- Oct 2010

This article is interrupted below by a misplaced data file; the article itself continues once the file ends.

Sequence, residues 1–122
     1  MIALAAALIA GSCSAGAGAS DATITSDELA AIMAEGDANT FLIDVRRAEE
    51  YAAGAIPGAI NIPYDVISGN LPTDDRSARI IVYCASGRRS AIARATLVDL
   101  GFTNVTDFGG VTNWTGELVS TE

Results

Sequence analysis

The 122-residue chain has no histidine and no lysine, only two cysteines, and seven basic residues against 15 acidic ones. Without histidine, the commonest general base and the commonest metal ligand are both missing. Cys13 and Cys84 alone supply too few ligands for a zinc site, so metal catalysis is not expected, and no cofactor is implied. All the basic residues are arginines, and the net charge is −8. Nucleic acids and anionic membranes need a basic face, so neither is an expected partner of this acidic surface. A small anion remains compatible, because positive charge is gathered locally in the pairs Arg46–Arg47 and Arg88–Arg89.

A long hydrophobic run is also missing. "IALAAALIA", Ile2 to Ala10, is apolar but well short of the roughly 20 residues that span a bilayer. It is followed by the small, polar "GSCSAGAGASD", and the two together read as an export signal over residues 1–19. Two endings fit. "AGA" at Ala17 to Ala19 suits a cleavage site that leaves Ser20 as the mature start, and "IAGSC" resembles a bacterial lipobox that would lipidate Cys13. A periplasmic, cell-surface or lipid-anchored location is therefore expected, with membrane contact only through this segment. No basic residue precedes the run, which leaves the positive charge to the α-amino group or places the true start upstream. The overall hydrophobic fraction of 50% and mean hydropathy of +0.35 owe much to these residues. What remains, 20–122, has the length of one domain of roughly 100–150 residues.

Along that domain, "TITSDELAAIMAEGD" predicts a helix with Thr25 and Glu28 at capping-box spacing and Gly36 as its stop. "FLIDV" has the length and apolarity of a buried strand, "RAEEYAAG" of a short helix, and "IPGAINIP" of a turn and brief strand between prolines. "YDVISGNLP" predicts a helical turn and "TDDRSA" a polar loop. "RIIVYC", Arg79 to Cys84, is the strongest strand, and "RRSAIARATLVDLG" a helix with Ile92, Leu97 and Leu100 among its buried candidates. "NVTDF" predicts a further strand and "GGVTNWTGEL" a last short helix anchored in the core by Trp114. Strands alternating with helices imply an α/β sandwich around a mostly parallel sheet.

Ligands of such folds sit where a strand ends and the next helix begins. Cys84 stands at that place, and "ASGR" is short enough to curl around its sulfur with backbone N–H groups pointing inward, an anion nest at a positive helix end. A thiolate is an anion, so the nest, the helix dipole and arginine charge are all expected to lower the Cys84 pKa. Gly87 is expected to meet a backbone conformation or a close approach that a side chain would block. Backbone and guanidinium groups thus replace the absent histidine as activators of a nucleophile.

Oh, that I can tell you all about. The Chinese told the British to take care of that before the takeover. The people living in the Walled City had no legal deeds to their apartments, but the government still offered them compensation to move out. Believe it or not, many were very reluctant, to the point of threatening officers that visited them. Nevertheless, the Walled City had to come down, so they slowly paid people off and sealed their flats. The factories there were the hardest to get rid of because they were making all sorts of money by employing illegal workers and paying no taxes. As the people moved out, the police started going there more and more, making the gangsters move away. Some of the gangsters set up shop in and around a few areas of the city. Walking through places like Mong Kok in Hong Kong, you can see all sorts of brothels, stores that clearly don't sell much but never close, and guys sitting on corners all day long. I personally know a few people who lived in the Walled City. They told me it wasn't so bad. They got enough money to buy apartments elsewhere when they moved out, and the city built a nice park there.A more intresting story would be how Hong Kong was able to fix the problem of Kowloon Walled City - Wikipedia, the free encyclopedia a absolute hive of scum and villainy, a bit like Mos Eisly space port.